Rob: Yeah, I love that. That's a great point. Many years ago, I read a book by a guy called Max Atkinson, called "Lend Me Your Ears" which is about public speaking. And he makes a similar point. He just says that, when you're up there, it will tend to come across as flat. And so, what you need to do is... it will feel over the top to you when you're doing it, but it won't to the audience, you know, it will just feel, you know, and if you don't, you know, turn it up to 11, sometimes people are just gonna be like, yeah, you know, this is kind of... this is flat, it's boring, it's dull, and as you say, a bit monotonous, so I like that. And I bet you find when you're getting... do you get people to, sort of, scream and that? You know, I mean, I bet you find when they've done that, when they've kind of experienced what it's like to do the, you know, the level five, as you put it, probably they feel a lot more comfortable doing the level three, right, I imagine?
Ian: Yeah, absolutely. Yeah. And there's loads of other exercises that I get people to do. So, there are things like lip trill exercises, just to get their voices using the different pitches. So, I'll do one, it's gonna sound really silly, but it's going from the low part of your voice up to the top. So, [vocalization], like that. So, you're really putting a bit of energy into your voice. And then, things like tongue twister exercises, like, make some up, so, [vocalization], really putting lots of emphasis on each of those consonants.
And then, you can even sing a song. So, I sing a song at a couple of conferences I've been speaking at and this is just to have a bit of fun. You don't have to be musical. You might have the worst singing voice in the world. But the song that I tend to teach people is, "Daddy's Got a Head Like a Ping Pong Ball" to the tune of the William Tell Overture. And the great thing about this is it helps you with your diction, with your energy, and with your pitch. And it also will, hopefully, put a smile on your face. So, it goes something like this, "Daddy's got a head like a ping pong ball, daddy's got a head like a ping pong ball, Daddy's got a head like a ping pong ball, like a ping pong ball." There you go. You probably didn't expect somebody to sing on your podcast, but there you go.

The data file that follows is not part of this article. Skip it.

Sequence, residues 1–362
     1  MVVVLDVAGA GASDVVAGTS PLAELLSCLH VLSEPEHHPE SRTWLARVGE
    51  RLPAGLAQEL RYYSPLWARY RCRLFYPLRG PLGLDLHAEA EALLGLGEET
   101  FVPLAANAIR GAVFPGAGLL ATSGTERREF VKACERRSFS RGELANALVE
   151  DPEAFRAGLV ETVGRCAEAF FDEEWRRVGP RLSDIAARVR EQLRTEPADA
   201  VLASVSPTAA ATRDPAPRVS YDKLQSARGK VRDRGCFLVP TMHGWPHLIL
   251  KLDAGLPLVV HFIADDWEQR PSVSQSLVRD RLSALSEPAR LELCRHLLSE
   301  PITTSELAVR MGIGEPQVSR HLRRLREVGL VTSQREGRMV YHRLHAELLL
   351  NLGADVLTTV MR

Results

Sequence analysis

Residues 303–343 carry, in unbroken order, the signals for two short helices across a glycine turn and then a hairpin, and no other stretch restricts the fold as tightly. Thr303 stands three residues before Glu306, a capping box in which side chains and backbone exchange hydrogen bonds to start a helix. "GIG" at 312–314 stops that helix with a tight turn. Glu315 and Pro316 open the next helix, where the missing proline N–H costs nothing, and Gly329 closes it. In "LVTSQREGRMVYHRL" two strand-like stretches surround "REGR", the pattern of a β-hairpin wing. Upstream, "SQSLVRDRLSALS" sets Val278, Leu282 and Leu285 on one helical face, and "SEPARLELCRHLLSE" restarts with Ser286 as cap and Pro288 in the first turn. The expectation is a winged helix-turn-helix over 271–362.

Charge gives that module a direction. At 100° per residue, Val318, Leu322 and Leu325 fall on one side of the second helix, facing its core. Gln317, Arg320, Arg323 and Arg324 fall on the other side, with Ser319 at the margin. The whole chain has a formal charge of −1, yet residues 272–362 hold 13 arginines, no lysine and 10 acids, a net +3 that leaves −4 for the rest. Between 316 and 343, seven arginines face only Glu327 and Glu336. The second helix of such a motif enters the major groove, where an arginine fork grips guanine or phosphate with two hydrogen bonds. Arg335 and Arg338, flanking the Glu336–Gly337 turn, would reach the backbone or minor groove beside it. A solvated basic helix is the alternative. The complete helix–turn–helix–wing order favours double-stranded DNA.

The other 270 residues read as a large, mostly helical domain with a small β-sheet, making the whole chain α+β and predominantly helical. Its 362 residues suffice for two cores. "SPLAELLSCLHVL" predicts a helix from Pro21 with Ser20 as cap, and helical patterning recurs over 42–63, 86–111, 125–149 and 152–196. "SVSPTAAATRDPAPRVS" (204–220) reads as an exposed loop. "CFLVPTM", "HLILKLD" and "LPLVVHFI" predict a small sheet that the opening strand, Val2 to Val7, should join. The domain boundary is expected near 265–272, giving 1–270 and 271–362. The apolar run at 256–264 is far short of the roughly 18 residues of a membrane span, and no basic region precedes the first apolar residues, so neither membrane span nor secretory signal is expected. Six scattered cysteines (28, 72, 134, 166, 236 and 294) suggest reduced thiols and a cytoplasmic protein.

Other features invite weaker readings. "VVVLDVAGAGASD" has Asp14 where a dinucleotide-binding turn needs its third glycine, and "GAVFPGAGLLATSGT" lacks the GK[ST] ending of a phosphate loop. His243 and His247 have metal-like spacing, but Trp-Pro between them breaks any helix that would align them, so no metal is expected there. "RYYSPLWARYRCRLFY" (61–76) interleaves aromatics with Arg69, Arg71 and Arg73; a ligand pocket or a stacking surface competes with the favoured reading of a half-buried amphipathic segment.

Rob: I've never heard that song before. But I like it. No, that's great. And I can see, you know, if you're doing these kinds of exercises, yeah, you know, it's just gonna make you feel good and help you get past that fear, for sure.
Ian: Exactly. Because you want to... when you press that go live button, it's really good to start with a smile and even start with a bit of laughter as well, and quite frankly, at the moment, we probably need a bit of that as well. So, it's good to have a bit of fun with your live videos, I think.
Rob: Yeah, that's right. I mean, it's, yeah. Although it can be nerve-racking, it shouldn't... if it feels like it's a death sentence, I mean, it's just, you know, you need to, you know, it doesn't need to be like that, does it?
Ian: And one final thing on that, just that I forgot to mention earlier, is that actually, I had a psychologist on my show to talk about this. And there's actually a lot of correlation between the emotion of fear and the emotion of excitement. And so, actually, if you... you might feel that fear before you go live, but actually, if you try and... it's a case of convincing your brain, saying to your brain, "Do you know what? You're not afraid, you're just excited." And so, it's doing these kind of vocal exercises that I talked about, having a plan, and then say, "Do you know what? I'm really excited because I'm gonna be delivering some real value to my audience."
Don't let any of those negative voices that are probably saying, you know, I don't know, that you're rubbish, it's gonna sound awful, and all those kinds of things. Don't worry about those. Just put that to one side and just be excited. And, you know, if things go wrong, that's part of the fun. So, I went live last week, and we had a power cut 20 minutes in. So, about five minutes after that, I managed to get my mobile internet on and I had a torch, and we carried on for about three minutes after that. But, you know, people loved it actually. They love when things go wrong. And so, don't let that faze you. You'll know for next time what to do, although, if it's a power cut, there's probably not much you can do about, apart from getting a generator or get the candles out.
Rob: Yeah, there we go. No, very good. So, that was the first step then, really, just getting over that fear. And just, I think, recognizing it's something that most of us have, right, I mean, unless we're a complete egomaniac. You know, we're probably all a bit afraid, but that's not a reason not to do it.